Science and technology

Integrate your calendar with Ansible to keep away from schedule conflicts

Is “anytime” an excellent time to execute your automation workflow? The reply might be no, for various causes.

If you wish to keep away from simultaneous modifications to reduce the affect on vital enterprise processes and scale back the chance of unintended service disruptions, then nobody else ought to be trying to make modifications on the similar time your automation is working.

In some eventualities, there may very well be an ongoing scheduled upkeep window. Or possibly there’s a massive occasion arising, a vital enterprise time, or a vacation—or possibly you like to not make modifications on a Friday evening.

Whatever the rationale, you wish to sign this info to your automation platform and stop the execution of periodic or ad-hoc duties throughout particular time slots. In change administration jargon, I’m speaking about specifying blackout home windows when change exercise shouldn’t happen.

Calendar integration in Ansible

How are you able to accomplish this in Ansible? While it has no calendar operate per se, Ansible’s extensibility will enable it to combine with any calendar software that has an API.

The purpose is that this: Before you execute any automation or change exercise, you execute a pre-task that checks whether or not one thing is already scheduled within the calendar (now or quickly sufficient) and confirms you aren’t in the midst of a blocked timeslot.

Imagine you have got a fictitious module named calendar, and it could actually hook up with a distant calendar, like Google Calendar, to find out if the time you specify has in any other case been marked as busy. You may write a playbook that appears like this:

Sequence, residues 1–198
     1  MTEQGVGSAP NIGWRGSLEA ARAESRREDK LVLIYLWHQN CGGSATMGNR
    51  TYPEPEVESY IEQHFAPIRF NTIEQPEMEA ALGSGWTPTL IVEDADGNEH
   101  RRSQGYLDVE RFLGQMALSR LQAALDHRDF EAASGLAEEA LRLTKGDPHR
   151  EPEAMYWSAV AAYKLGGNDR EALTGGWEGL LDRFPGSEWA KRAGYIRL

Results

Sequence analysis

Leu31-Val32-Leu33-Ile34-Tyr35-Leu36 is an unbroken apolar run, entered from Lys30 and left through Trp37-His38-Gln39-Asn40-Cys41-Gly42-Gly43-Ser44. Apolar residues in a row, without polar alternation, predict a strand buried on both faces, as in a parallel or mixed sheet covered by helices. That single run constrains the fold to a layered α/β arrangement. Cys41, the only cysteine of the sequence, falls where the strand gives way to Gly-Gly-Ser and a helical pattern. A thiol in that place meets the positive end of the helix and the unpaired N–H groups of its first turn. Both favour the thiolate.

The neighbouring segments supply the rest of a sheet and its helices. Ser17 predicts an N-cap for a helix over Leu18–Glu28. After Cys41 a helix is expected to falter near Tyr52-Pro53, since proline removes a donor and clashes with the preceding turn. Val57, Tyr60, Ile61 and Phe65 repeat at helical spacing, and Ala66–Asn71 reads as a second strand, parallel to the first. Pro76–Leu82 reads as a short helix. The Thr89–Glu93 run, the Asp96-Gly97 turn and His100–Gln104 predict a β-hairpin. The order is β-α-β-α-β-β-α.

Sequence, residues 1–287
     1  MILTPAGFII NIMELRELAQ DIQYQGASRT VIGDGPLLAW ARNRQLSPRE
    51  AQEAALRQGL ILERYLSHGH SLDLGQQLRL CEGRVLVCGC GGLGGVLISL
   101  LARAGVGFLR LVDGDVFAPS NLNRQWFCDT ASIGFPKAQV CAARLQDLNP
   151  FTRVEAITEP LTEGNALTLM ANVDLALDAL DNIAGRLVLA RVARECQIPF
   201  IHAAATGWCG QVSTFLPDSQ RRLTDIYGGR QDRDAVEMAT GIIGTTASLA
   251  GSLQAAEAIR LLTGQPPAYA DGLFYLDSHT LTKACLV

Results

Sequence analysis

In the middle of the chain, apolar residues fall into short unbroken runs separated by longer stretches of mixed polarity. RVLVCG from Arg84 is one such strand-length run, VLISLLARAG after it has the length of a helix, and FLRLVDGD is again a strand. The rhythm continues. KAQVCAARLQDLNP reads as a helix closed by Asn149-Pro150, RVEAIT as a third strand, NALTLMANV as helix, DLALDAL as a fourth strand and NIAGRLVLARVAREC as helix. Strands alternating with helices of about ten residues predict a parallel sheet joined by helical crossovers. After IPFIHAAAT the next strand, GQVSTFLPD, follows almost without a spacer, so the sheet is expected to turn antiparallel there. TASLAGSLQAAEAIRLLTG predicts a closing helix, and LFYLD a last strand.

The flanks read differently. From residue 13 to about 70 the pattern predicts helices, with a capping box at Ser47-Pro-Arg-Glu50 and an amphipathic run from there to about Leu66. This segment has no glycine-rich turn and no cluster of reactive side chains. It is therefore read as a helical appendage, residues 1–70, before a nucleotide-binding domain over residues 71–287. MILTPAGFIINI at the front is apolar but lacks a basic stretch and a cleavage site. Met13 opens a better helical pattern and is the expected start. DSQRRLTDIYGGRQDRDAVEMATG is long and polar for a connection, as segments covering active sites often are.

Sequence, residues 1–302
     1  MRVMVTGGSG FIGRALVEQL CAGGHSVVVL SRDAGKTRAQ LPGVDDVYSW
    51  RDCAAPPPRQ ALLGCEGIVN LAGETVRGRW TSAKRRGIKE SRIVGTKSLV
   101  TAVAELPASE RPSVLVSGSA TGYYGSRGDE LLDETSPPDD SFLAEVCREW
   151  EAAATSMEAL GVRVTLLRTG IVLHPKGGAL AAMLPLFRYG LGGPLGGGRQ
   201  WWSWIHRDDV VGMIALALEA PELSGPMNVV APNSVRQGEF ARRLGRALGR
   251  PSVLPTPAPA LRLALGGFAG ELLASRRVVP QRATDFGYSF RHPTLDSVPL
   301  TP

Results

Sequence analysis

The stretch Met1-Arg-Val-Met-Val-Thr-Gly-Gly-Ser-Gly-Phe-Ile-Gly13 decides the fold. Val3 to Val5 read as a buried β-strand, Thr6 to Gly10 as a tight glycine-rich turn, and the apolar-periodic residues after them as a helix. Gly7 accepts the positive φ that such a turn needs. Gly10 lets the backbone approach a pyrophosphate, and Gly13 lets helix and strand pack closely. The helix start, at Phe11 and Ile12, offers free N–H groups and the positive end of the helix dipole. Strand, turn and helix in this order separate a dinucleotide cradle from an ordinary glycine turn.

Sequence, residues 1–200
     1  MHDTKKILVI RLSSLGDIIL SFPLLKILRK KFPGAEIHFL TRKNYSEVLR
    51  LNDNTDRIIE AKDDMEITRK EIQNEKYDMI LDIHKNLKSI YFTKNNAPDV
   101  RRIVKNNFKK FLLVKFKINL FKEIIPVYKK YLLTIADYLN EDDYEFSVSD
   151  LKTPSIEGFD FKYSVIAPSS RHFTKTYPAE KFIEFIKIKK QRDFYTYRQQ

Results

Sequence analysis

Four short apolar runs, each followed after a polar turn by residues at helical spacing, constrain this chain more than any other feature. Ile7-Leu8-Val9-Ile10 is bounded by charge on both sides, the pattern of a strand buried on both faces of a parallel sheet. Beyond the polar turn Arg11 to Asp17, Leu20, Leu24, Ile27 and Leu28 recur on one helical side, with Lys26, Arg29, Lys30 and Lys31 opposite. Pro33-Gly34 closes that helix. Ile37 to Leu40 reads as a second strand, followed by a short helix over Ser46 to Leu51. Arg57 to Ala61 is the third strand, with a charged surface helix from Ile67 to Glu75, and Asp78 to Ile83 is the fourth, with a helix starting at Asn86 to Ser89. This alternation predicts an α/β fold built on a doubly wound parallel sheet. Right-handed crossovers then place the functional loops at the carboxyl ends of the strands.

- identify: Check if timeslot is taken
: ""
: output

Ansible details will give ansible_date_time, which is handed to the calendar module to confirm the time availability in order that it could actually register the response (output) to make use of in subsequent duties.

If your calendar appears to be like like this:

Then the output of this job would spotlight the very fact this timeslot is taken (busy: true):

okay: [localhost] =>

Prevent duties from working

Next, Ansible Conditionals will assist forestall the execution of any additional duties. As a easy instance, you might use a when assertion on the subsequent job to implement that it runs solely when the sphere busy within the earlier output isn’t true:

  - shell
: echo "Run this only when not busy!"
: not output.busy


In a previous article, I stated Ansible is a framework to wire issues collectively, interconnecting totally different constructing blocks to orchestrate an end-to-end automation workflow.

This article checked out how playbooks can combine or speak to a calendar software to verify availability. However, I’m simply scratching the floor! For instance, your duties may additionally block a timeslot within the calendar… the sky is the restrict.

In my subsequent article, I’ll dig into how the calendar module is constructed and the way different programming languages can be utilized with Ansible. Stay tuned in case you are a Go fan like me!

This initially appeared on Medium as Ansible and Google Calendar integration for change management beneath a CC BY-SA license and is republished with permission.

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